This was annoying enough, but it was further hampered by the bad AI of the unmodded IE games. Mob tactics and multiple spellcasters in almost every group turned every fight into a tedious slog. Not because they were "challenging." Oh, they were at first, but once I figured out which crowd control spells IWD favored (spell tactics were different than in BG, took time to adapt), and stuck to longer-lasting buff spells, gameplay quickly devolved into "fight 2-3 encounters, run back to rest, return, rinse repeat". The challenge was in its tedium, not its strategy. Oh, and let's not forget how the engine is designed to nerf the player's die-rolls, in general, my most hated feature of the IE series.

Also, Dragon's Eye was just... WTF? Each level had its own monster theme, and it made zero sense (until the final level explained it), why these various groups were all sharing a dungeon. At first, it just seemed like a bad GM's meat-grinder dungeon. I nearly rage-quit twice, but I pressed on, cursing the entire time. I spent most of that run watching the Cinema Snob on my second monitor while I mindlessly went about the busy work of "walk, fight, rest, pre-buff, walk some more".

This is a good time to get my other major gripe about IWD out of my system. The Loot System. I'm sure volumes have been written over the stupidity of the randomly generated loot, so I'll just put myself down as being very much in the "hated it!" camp. But I also didn't like how so many weapon enchants were all about "x% chance to do something". I'm an old hand at D&D and I swear I don't remember that many magic items like that in the old AD&D 2nd Ed DMG. Again, it just seemed like a way to needlessly water down the experience, and further disincentivze my player experience for no reason other than "The GM's an Asshole."

Alright, before you think I want to do nothing but hate on the game, let's continue forward.

The Severed Hand: This was where the game began to improve again. Sure, there were still tons of mobs, but the dungeon itself was nice to go through. But it was when I reached the Tower of the Seldarine, things got better. Suddenly, the mob packs were a bit more spaced out. Some had huge numbers, but not all of them, and the encounter design felt more natural. I cautiously began enjoying the game again. Also, the ghosts of the tower were the first real dev-created NPCs besides a couple back in Kuldahar to have *real* personality. The story was still simple, but the lore behind it was getting interesting.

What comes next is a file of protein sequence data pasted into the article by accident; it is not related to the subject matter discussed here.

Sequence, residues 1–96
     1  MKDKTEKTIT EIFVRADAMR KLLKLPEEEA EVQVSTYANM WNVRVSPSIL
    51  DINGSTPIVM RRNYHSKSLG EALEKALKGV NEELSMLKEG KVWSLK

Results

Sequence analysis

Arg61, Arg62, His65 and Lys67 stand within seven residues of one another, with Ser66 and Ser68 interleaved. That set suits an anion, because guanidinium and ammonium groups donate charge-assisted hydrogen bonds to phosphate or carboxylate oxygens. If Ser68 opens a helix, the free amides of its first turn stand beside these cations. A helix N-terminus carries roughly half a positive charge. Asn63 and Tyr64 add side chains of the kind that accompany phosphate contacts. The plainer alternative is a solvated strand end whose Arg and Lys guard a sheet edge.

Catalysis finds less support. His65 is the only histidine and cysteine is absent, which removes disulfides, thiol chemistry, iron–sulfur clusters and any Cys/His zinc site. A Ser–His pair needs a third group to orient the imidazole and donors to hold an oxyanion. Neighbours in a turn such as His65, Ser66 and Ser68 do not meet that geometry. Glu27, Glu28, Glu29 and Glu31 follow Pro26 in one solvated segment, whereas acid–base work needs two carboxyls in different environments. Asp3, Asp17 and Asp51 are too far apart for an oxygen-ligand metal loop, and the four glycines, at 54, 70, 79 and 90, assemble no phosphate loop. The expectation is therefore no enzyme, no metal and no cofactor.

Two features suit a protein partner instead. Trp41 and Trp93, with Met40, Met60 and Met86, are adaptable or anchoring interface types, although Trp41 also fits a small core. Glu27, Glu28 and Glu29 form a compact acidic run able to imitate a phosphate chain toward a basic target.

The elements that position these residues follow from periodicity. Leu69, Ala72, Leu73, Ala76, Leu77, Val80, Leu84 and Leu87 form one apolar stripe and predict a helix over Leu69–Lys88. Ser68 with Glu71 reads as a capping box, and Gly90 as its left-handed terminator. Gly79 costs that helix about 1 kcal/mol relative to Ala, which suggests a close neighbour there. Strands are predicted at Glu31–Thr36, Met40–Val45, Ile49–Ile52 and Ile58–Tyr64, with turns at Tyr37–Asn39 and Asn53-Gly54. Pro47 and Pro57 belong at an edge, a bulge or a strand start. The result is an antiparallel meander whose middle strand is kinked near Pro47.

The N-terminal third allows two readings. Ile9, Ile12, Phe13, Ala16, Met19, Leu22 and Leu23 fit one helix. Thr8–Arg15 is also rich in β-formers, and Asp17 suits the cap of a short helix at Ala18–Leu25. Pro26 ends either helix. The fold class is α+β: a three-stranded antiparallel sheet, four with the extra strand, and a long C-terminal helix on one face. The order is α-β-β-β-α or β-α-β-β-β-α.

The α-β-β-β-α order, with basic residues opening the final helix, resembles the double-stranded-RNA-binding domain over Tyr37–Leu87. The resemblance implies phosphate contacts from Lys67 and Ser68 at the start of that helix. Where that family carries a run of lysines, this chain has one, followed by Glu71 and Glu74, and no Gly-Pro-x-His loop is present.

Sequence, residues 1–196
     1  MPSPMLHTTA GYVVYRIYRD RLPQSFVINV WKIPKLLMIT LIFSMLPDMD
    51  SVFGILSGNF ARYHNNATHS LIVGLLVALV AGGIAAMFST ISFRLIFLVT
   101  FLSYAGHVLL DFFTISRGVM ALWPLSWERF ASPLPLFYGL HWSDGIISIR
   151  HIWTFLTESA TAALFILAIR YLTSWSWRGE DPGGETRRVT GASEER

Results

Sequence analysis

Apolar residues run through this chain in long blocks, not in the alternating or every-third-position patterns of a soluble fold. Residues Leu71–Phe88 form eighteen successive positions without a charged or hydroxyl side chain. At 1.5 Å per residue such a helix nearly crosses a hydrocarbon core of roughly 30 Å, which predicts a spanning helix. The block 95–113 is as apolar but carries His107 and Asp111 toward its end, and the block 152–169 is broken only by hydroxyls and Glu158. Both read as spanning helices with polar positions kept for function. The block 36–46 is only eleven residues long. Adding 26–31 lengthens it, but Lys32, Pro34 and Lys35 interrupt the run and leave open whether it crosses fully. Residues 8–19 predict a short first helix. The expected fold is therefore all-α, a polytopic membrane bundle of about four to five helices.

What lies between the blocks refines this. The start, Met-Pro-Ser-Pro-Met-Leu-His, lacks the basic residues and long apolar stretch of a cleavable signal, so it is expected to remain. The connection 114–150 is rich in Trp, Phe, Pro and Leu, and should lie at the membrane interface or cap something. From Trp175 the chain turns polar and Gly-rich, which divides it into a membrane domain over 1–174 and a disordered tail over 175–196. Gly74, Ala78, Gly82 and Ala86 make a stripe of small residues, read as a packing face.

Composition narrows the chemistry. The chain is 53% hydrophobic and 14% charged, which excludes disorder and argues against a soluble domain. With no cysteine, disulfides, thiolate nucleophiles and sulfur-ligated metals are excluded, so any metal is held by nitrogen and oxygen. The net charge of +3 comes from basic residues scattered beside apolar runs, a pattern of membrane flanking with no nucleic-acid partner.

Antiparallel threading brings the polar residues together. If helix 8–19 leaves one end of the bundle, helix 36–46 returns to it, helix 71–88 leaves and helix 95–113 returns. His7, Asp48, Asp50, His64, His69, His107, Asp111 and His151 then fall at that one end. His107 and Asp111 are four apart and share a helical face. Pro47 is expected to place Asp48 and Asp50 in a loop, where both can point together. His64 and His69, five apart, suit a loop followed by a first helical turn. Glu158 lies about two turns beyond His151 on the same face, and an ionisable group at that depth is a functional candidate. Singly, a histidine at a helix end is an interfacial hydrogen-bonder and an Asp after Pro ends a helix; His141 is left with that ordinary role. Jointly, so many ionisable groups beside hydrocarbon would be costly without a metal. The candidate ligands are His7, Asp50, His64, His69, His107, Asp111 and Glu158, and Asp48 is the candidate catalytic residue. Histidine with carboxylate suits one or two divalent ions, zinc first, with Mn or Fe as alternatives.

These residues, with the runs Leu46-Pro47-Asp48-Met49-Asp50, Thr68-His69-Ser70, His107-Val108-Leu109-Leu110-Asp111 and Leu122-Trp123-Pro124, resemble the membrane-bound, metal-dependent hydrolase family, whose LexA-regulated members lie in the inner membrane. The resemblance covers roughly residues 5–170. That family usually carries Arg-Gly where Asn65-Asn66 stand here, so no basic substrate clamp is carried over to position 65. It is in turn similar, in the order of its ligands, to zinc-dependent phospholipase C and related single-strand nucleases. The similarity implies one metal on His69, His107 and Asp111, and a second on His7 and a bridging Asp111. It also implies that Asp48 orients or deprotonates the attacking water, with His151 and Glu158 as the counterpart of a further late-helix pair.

Heart of Winter: After finishing off SH, I decided to give the expansions a try. It seemed like a natural stopping point to go off the plot rails and do something different. Well, this is already becoming ridiculously long, but I just have to say, that I really enjoyed these two little sidelines. HoW was how I wish more of the early main game had been designed. There were side quests in town. I got to know the inhabitants, and the dungeons weren't huge, bloated expanses. Also, the last battle was probably the best fight of the whole game, for me.

Trials of the Luremaster: I went in expecting to hate it, based on word of mouth I remember seeing back in the day. But once again, i found myself *really* enjoying ToL, with a few hiccups. The main sticking point, for me, was the Spectral Guards, which seemed ludicrously hard hitting with copious amounts of HP. The big swarm fight in the main hall of the castle is probably the biggest BS fight in the entire game. After five tries, I finally got through it, via exploiting the game's systems rather than a fair strategy.

But that was just one small section of an otherwise enjoyable experience. ToL reminded me a lot (and I'm sure it was supposed to) of Durlag's Tower, and I enjoyed going through it. in fact, I was so enthralled by both expansions, that I beat them both in a single day, playing almost non-stop.